Keywords: Technology transfer, Imperfect competition, Climate policy, Environmental cooperation, Cap and trade
    JEL: D43 F18 Q5
    Date: 2016–04
  7. By: Clay, Karen (Carnegie Mellon University); Lewis, Joshua (University of Montreal); Severnini, Edson R. (Carnegie Mellon University)
    Abstract: Pollution is a common byproduct of economic activity. Although policymakers should account for both the benefits and the negative externalities of polluting activities, it is difficult to identify those who are harmed and those who benefit from them. To overcome this challenge, our paper uses a novel dataset on the mid-20th century expansion of the U.S. power grid to study the costs and the benefits of coal-fired electricity generation. The empirical analysis exploits the timing of coal-fired power plant openings and annual variation in plant-level coal consumption from 1938 to 1962, when emissions were virtually unregulated. Pollution from the burning of coal for electricity generation is shown to have quantitatively important and nonlinear effects on county-level infant mortality rates. By 1962, it was responsible for 3,500 infant deaths per year, over one death per thousand live births. These effects are even larger at lower levels of coal consumption. We also find evidence of clear tradeoffs associated with coal-fired electricity generation. For counties with low access to electricity in the baseline, increases in local power plant coal consumption reduced infant mortality and increased housing values and rental prices. For counties with near universal access to electricity in the baseline, increases in coal consumption by power plants led to higher infant mortality rates, and lower housing values and rental prices. These results highlight the importance of considering both the costs and benefits of polluting activities, and suggest that demand for policy intervention may emerge only when the negative externalities are significantly larger than the perceived benefits.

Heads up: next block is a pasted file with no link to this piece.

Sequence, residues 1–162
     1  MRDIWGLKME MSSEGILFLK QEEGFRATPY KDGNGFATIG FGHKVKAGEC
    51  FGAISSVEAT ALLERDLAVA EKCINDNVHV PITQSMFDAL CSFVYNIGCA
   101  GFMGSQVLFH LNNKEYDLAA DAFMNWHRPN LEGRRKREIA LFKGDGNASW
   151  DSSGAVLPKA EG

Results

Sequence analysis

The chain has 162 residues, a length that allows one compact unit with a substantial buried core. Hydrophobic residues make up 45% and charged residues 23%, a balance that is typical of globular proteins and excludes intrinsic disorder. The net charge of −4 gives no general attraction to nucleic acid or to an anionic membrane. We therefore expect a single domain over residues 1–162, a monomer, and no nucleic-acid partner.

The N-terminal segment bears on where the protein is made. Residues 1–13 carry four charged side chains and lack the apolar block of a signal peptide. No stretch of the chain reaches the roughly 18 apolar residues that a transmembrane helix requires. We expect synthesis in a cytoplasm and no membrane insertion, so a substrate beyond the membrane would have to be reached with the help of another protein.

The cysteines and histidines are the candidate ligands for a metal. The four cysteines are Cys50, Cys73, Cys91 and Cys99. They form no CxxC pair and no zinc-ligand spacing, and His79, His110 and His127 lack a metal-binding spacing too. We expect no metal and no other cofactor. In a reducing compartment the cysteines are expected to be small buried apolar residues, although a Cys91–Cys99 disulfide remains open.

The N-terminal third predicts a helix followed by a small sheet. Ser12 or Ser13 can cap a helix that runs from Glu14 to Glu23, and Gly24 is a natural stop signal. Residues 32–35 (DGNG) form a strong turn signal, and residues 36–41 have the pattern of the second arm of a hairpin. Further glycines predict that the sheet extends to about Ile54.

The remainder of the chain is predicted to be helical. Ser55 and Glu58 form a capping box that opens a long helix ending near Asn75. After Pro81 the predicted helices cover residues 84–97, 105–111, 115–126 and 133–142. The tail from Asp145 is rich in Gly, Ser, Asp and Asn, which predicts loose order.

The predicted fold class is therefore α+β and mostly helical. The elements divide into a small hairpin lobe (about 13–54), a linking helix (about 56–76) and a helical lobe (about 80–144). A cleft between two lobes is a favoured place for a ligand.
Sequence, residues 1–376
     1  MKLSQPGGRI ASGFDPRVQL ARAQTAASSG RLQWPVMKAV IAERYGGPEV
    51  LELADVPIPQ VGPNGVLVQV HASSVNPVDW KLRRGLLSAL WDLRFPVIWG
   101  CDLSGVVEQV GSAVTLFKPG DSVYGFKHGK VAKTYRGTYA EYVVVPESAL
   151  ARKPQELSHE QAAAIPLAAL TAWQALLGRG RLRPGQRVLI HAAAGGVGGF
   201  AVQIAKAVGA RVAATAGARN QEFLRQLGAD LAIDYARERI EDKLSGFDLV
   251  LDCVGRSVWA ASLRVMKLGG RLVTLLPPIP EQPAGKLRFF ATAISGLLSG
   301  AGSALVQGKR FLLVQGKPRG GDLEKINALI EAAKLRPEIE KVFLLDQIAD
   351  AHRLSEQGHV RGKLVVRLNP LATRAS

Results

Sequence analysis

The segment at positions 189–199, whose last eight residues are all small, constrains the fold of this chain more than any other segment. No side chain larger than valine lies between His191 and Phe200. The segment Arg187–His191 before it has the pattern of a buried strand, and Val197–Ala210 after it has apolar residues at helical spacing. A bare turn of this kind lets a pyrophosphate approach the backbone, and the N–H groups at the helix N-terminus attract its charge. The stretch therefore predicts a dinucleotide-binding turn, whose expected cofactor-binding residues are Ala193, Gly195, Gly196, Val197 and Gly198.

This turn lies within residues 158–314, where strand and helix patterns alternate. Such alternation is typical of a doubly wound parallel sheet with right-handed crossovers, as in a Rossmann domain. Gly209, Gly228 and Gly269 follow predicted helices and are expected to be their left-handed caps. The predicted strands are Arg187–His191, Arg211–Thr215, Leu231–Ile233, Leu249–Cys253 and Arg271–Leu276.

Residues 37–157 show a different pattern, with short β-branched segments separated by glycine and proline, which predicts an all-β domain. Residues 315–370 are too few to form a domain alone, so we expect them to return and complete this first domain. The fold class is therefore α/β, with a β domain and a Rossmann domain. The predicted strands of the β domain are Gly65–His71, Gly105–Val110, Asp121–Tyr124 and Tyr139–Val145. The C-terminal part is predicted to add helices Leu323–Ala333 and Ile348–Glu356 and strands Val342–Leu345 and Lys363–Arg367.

Keywords: mid-20th century air pollution, coal-fired electricity generation, infant mortality, housing values, tradeoffs
    JEL: N32 N52 N72 N92 Q40 Q48 Q53 Q56 I15 J24 J30 R11
    Date: 2016–04
  8. By: Elvira M. Orbetta (Resources, Environment and Economics Center for Studies, Inc. (REECS), Suite 405, The Tower at Emerald Square, J.P. Rizal cor. P. Tuazon Streets, Project 4, Quezon City 1109, Philippines); Carlito M. Rufo Jr (Resources, Environment and Economics Center for Studies, Inc. (REECS)); Anabeth L. Indab (Resources, Environment and Economics Center for Studies, Inc. (REECS))